One of the topics I’ve found myself discussing with friends and family since my trip to California wine country two weeks ago is the difference in the way I saw waste handled in California from the way I know it’s handled here in New Jersey.
The difference was obvious almost from the beginning of my trip when I checked into the Orchard Hotel
in San Francisco. The beautiful hotel certainly doesn’t scream “green” when you walk in. It looks like an upscale boutique hotel. My room, while not extravagant, was bright, comfortable and very clean.
I noticed there were more small, sustainable touches in my room, though, than are in most hotel rooms. They included organic TCHO chocolates to welcome me, eco pure soaps and shampoos in the bathroom, organic and sustainable options in the honor bar, the requisite sign about how to let housekeeping know if you want the sheets and towels changed, a San Francisco Bay area Greenopia guide, and a sign saying if guests leave a comment on Trip Advisor, Orchard Hotel will plant a tree.
After eating my chocolates and settling in, I headed down to the restaurant to chat with Orchard Hotel’s Director of Sales Lydia Rubalcaba who told me about the LEED certified hotel’s sustainability initiatives.
The hotel has a comprehensive sustainable program that includes energy and water efficiency, sourcing local and sustainable products, and purchasing carbon offsets through a third party. Lydia gave me a long list of specifics. Here are a few things that stuck out.
- The hotel gets its hot water from steam they receive from the city. They do not need to use gas or electricity to heat the water used in the hotel.
- When they needed new cushions for patio furniture, they were committed to purchasing sustainable and local. It took them months to find someone local who could make the cushions from recycled material, but they were successful in doing so.
- At an Earth Day event, they made centerpieces out of large mushrooms, and when the event was over, the centerpieces became ingredients for hotel food.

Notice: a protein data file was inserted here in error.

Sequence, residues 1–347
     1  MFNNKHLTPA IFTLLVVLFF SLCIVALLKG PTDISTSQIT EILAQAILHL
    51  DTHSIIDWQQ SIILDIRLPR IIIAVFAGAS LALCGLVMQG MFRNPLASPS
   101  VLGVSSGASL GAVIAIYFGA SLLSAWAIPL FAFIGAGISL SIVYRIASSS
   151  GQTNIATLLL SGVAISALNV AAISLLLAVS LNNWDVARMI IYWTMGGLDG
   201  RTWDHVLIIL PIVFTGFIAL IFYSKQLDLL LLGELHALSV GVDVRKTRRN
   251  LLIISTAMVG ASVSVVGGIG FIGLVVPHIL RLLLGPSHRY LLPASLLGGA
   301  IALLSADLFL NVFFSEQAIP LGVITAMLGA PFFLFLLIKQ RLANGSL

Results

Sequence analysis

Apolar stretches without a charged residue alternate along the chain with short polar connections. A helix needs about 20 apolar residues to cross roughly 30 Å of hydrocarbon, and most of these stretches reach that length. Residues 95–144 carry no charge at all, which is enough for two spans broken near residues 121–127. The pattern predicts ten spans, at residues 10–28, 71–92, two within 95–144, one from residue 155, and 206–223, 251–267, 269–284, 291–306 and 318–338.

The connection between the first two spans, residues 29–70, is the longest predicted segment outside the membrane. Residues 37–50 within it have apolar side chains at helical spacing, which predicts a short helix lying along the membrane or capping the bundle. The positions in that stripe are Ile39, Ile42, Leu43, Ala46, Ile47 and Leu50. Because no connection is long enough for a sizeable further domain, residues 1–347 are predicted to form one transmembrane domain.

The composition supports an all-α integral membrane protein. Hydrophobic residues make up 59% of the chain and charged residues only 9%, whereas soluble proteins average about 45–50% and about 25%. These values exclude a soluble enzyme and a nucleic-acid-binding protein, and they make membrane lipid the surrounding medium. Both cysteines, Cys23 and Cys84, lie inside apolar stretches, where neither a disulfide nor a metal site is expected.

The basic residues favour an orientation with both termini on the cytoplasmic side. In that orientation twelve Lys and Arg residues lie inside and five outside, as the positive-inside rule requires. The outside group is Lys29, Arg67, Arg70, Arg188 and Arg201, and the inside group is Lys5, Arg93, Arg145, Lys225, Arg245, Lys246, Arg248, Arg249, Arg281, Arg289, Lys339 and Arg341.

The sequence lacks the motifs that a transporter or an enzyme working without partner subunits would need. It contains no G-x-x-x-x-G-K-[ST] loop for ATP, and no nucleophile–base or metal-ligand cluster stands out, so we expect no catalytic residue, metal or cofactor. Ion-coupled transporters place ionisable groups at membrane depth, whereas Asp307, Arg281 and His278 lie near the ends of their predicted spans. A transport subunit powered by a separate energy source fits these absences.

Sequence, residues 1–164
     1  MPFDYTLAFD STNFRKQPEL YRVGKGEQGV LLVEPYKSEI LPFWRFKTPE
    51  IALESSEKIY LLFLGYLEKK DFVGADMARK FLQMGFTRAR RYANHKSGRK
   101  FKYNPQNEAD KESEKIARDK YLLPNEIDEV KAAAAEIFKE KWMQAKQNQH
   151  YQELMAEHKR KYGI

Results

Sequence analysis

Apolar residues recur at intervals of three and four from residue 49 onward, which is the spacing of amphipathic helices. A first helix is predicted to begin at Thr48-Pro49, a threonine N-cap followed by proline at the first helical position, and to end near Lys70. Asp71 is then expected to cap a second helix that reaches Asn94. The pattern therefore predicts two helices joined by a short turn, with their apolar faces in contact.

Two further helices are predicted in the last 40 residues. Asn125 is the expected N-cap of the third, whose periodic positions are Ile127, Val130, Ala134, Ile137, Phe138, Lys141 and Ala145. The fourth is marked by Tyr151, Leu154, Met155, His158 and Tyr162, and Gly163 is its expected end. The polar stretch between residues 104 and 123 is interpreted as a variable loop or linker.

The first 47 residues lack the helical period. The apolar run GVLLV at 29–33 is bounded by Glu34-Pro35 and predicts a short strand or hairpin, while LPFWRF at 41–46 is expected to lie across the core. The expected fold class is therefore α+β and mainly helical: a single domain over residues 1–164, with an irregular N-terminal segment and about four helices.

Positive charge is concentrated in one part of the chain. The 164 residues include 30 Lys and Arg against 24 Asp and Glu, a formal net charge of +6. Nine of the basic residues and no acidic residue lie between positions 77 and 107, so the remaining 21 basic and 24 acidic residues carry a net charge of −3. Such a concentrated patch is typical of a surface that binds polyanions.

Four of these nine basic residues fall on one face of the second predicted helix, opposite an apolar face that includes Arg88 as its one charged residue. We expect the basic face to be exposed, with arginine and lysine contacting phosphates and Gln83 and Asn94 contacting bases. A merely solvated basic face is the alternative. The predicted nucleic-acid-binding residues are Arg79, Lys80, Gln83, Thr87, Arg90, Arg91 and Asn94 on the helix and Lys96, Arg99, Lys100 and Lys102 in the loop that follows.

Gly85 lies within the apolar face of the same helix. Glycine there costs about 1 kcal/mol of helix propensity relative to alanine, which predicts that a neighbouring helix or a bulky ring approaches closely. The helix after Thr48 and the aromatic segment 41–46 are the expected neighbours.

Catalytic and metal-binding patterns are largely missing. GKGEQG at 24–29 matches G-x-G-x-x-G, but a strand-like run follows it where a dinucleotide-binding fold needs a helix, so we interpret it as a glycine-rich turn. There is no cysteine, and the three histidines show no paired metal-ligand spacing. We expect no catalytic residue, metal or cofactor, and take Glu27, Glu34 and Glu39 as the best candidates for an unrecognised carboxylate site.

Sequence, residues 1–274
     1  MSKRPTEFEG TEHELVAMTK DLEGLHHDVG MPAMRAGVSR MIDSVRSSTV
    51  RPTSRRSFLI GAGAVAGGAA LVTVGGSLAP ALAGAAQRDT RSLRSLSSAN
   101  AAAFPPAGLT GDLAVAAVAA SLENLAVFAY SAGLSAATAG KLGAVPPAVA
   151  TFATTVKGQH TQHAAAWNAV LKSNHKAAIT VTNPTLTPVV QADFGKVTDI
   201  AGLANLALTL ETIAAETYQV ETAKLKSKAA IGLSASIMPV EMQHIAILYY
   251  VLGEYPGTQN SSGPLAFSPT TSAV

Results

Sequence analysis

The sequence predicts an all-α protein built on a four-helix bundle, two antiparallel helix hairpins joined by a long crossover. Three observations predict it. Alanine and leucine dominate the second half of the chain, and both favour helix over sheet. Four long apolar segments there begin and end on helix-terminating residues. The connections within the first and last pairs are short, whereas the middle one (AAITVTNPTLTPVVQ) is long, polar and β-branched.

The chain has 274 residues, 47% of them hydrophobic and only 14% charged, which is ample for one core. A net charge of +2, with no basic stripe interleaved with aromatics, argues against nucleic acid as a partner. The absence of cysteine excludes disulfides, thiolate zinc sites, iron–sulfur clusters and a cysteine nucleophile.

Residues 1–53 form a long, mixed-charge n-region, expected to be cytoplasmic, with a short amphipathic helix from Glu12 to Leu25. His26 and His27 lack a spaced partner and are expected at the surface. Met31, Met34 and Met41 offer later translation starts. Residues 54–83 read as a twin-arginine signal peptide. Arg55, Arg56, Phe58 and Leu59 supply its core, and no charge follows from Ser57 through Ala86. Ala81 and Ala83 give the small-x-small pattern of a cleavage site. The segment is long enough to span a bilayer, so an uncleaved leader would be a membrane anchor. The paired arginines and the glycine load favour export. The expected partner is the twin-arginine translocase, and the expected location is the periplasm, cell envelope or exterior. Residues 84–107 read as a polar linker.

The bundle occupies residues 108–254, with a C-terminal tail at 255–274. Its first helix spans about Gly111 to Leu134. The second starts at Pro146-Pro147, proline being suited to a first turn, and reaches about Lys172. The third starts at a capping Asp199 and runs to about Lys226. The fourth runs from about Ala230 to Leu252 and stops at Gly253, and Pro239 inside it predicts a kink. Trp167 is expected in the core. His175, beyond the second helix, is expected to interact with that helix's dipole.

All of this was impressive, but it wasn’t until Lydia started telling me about how the hotel handles waste that I was struck by how the mindset in San Francisco, and presumably much of California, is so different from the mindset where I am in New Jersey. She explained to me how San Francisco charges a premium to have waste removed and a premium for water. It is cost prohibitive for businesses and residents to not participate in water conservation, recycling and composting. The city has programs in place that make it easy for people to handle these things smartly and sustainably.
A company called Recology
takes their compost away, but that’s not all the company does. They teach the hotel’s staff, in different languages, how to separate compost from recyclables and landfill waste.
Here’s why I was so struck by this information. A few days before I left for my trip I was interviewing a local South Jersey chef and I asked about composting. He told me that the town his restaurant is in, which I would say is one of the “greener” towns in my area, does not have compost waste taken away from businesses or residents. He also told me that there is one facility, only one, in the region that accepts compostable waste and it charges such a premium to take it there because it’s fairly full. It doesn’t really need any more compostable waste at the moment.
He and I moaned a bit about how it’s so cost prohibitive to handle waste sustainably, especially when the town will haul away as much landfill waste as you put out for one fee, which is usually included in your taxes. Most people don’t pay attention to what the fee is.
The contrast between how waste is handled here on in my region and how it’s handled in all of the regions of California I visited astounded me. Everyone on my trip had the same things to say when I talked about waste. “Of course we compost. Of course we conserve water. Of course we recycle everything possible. It would cost us too much if we didn’t.”
Where I live, it’s the opposite. “It costs too much to compost and there’s no real incentive to recycle aggressively. It’s just more cost effective and easier to send things to the landfill.”
There’s a lot to think about there, and I’m trying to figure out what to do with my newfound realization now that I’m back home.
In the meantime, I’ll remember to be glad that there are regions and businesses in this country taking the lead on sustainability. Orchard Hotel is definitely one of those businesses, and if you’re in need of accommodations in San Francisco, I’m happy to recommend it.
The Orchard Hotel is located at 655 Bush Street in San Francisco, in the part of the city known as Union Square and just a few blocks from Chinatown.
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